Rose says his studies show that the age at which a species reaches maturity--and is able to reproduce--is linked to the onset of aging. That means that the way to keep natural selection working later in life is to postpone reproduction until a relatively advanced age.
Over the past 15 years, Rose has bred fruit flies at later and later ages--increasing their life span by 80%. He is selecting as parents only older flies that can pass on longevity genes.
Scientists have delayed reproduction and increased life span in other species, and are now trying to understand why the process works. They want to know which genes that affect life span are inherited or eliminated by postponing reproduction.
For the fruit fly, Rose has shown that at least 100 genes may be involved.
But the research will contribute little to the understanding of human aging, Rose says, unless the same experiments can be tried on mammals, such as mice. That is where his “plan” for expanding life span comes in.
“If we can use a mouse to postpone aging, than we will begin to find out how to do that in man,” he says. Ten years of work on mice, he suggests, could probably reveal the genes, processes and cell biology involved.
“Then we can try out direct interventions to postpone aging,” he says, first on mice, then on humans.
Finch also believes that plenty of evidence challenges the assumption that our life span has a limit. But he believes that study of common health practices--such as exercising and hormone treatments to reduce the risk of osteoporosis--will contribute significantly to the understanding of aging.
A professor of gerontology, Finch is a tall, thin Northeasterner who likes to joke about the way aging has left him balding. But beneath the congeniality is the kind of dedicated, no-nonsense scientist who would turn out a 842-page book called “Longevity, Senescence, and the Genome,” (1991, the University of Chicago Press). The title refers to the study of aging and the role of genes in that process.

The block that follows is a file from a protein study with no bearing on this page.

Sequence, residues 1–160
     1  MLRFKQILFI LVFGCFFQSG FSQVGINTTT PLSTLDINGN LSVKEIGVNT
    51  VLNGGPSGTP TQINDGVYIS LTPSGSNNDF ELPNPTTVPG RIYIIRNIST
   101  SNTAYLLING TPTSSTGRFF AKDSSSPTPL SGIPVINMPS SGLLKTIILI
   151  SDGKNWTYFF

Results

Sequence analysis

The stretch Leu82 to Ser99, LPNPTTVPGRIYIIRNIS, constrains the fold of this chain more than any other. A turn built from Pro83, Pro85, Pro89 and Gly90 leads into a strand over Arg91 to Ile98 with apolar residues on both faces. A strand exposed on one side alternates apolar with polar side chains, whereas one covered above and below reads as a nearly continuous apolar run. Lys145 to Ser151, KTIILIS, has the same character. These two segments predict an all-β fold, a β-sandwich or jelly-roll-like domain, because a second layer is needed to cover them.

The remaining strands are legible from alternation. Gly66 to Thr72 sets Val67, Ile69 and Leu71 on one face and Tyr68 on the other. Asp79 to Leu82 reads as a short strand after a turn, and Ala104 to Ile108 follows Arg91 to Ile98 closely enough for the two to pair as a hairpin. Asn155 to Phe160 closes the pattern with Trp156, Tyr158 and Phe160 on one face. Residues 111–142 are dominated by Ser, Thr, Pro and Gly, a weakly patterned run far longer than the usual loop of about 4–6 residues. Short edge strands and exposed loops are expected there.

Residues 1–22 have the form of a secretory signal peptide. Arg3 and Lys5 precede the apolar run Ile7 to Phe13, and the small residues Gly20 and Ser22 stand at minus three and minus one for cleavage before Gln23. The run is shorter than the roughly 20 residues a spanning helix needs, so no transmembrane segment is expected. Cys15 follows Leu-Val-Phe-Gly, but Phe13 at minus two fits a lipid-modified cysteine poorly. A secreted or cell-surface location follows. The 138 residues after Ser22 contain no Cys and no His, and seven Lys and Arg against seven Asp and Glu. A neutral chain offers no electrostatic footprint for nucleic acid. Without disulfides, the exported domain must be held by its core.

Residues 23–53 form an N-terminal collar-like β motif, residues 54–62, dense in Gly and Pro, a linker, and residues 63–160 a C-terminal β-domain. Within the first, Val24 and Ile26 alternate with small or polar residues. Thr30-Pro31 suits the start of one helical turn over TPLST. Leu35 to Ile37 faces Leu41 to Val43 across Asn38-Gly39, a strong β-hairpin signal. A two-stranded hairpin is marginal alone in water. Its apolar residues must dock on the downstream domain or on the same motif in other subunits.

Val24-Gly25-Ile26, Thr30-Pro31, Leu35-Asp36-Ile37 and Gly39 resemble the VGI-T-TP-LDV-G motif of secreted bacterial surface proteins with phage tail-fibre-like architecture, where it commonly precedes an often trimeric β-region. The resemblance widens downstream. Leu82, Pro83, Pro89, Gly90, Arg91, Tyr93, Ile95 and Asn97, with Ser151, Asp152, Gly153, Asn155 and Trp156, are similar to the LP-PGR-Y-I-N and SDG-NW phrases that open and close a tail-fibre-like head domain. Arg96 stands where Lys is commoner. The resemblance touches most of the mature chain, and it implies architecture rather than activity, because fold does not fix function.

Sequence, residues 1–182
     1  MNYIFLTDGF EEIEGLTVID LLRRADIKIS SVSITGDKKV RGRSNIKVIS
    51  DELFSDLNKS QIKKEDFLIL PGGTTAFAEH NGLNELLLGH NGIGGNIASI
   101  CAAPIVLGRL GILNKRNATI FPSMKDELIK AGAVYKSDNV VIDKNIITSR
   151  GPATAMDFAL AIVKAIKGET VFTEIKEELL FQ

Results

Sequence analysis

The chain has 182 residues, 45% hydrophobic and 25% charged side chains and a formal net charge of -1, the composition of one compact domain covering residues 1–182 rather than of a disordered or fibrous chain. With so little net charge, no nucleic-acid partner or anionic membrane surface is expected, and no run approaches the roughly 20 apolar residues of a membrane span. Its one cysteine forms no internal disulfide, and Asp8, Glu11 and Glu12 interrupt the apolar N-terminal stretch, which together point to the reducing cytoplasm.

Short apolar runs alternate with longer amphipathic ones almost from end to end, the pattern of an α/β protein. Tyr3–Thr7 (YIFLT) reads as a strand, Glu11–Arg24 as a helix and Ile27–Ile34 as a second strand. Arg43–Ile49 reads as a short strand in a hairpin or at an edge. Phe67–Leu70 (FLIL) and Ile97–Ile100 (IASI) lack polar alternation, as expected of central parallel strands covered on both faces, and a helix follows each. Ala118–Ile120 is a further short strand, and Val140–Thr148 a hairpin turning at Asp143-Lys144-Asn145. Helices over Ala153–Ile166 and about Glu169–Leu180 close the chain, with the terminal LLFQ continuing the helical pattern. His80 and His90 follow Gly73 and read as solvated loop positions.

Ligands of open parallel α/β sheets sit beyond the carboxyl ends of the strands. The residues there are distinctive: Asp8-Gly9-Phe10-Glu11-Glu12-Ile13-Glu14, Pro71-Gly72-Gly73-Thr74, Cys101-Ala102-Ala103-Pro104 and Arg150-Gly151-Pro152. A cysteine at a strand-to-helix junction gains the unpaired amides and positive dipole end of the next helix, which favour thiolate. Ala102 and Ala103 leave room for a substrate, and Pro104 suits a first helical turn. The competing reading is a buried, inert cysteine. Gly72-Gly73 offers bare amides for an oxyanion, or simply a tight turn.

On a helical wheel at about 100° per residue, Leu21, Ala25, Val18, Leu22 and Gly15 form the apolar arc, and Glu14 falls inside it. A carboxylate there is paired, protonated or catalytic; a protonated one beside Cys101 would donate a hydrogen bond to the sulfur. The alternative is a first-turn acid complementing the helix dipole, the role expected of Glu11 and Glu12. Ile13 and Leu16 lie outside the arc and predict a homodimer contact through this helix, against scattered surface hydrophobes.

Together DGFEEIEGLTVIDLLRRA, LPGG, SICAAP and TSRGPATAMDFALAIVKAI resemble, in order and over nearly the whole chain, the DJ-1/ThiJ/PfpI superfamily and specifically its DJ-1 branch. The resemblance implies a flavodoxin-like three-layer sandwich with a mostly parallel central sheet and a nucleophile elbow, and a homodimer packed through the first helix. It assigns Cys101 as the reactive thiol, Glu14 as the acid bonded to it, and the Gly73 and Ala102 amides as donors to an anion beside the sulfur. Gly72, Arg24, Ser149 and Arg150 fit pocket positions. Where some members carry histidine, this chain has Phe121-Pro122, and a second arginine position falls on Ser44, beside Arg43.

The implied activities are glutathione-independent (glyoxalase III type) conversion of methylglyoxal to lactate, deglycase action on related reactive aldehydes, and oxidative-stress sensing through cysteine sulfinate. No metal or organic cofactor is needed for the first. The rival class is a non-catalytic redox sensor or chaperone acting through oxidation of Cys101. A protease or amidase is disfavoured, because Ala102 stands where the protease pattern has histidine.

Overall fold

Also an expert on Alzheimer’s disease, Finch says the potential to thwart disease and disability in old age is the force behind the research to extend our life span.
“The reason money is being put into research is in the belief . . . that we’ll be able to define, treat and prevent many disabilities of aging by medical practice,” Finch says.
“The number of people living beyond 80 is increasing and this has enormous implications for health programs and society in general. We can’t not do it.”
In his book, Finch has catalogued a lot of examples that show certain species have manipulated their environment to live longer. He calls this the “plasticity” of life span.
Finch said he sees no biological limits that predict a maximum life span in any species. However, he says, manipulating genes can affect how long we can live. “It’s a matter of programming genes in different sets of ways.”
For example, although queen bees and worker bees have the same genetic structure, queens live from five to 15 years while workers are lucky to live out a year. The difference, Finch says, is in their environment. Workers wear out from flying around while queens are pampered.
Some species apparently don’t age, Finch says. Scientists are studying a species of rock fish that are 100 years old and show no signs of aging, he says.
“Under some circumstances, aging may not occur in the natural world,” he says. “There are a lot of species of fish and other invertebrates that don’t seem to have an increased risk of disease or death.”
In the meantime, Finch suggests that people who are careful about their diet and exercise might live longer and healthier--and contribute to the advancement of science. After all, research showed that rats who receive special diets and hormone supplements live longer.